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Thinking of Buying Pfizer Stock? Here's What You Need to Know

By Adria Cimino – Sep 27, 2021 at 6:00AM

Key Points

  • Pfizer’s coronavirus vaccine may represent 42% of total company revenue this year.
  • The company aims to report phase 2/3 date from its coronavirus treatment candidate in the fourth quarter.
  • Pfizer’s 23 late-stage programs and a planned acquisition may drive growth later in the decade.

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Pfizer sells the leading COVID-19 vaccine -- and seven other blockbusters.

Big pharma company Pfizer (PFE -0.33%) has been around for more than 170 years. But the coronavirus pandemic marked its opportunity to take center stage. Pfizer last year partnered with German biotech BioNTech and won the first Emergency Use Authorization for a coronavirus vaccine. Now, the duo are market leaders. They've fully vaccinated more than 99 million Americans.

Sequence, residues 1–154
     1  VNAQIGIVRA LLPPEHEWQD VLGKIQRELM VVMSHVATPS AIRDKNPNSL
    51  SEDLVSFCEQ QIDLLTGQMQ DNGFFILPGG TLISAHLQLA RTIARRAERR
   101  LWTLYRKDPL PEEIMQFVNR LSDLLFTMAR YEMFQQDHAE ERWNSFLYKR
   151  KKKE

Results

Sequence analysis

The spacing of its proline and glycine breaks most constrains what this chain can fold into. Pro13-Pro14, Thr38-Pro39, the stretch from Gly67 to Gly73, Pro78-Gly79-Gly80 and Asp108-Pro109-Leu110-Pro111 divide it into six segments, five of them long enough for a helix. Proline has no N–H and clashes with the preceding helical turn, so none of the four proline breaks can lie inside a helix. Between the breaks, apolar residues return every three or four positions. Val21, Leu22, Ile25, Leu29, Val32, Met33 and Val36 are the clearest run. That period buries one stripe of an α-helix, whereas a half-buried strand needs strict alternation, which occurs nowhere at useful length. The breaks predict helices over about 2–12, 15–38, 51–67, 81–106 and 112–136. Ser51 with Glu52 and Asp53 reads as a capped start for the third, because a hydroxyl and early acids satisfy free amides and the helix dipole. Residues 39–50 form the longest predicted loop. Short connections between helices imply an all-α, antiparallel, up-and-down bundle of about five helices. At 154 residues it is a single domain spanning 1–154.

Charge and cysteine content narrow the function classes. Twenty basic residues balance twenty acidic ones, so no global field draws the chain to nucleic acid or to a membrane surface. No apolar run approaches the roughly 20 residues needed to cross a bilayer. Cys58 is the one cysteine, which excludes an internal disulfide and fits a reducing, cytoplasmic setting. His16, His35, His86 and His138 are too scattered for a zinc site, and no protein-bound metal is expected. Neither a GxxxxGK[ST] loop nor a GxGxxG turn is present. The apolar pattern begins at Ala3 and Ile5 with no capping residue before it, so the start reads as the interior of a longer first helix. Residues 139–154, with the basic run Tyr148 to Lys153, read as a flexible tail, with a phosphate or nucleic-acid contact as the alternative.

At the same time, Pfizer stock hasn't exactly soared. It was little changed last year. And this year, the shares have climbed about 19%. So, is this the right time to buy Pfizer stock? Let's take a look at what you need to know before taking the plunge.

An individual sitting at a table at home studies paperwork and uses a tablet.

Image source: Getty Images.

Vaccine supply deals

First, let's focus on the coronavirus program and how it's contributing to revenue. Pfizer has signed deals with the U.S. for the delivery of as many as 500 million doses through the first quarter of next year. The company has a supply deal with the European Union through 2023 -- and that includes as many as 1.8 billion doses. Pfizer also has inked deals with other countries around the world.

This year alone, Pfizer expects the vaccine to generate $33.5 billion in revenue. The company splits profits with BioNTech. But this still leaves Pfizer with a massive amount of revenue from the product. In fact, Pfizer expects the vaccine to represent 42% of total company revenue this year.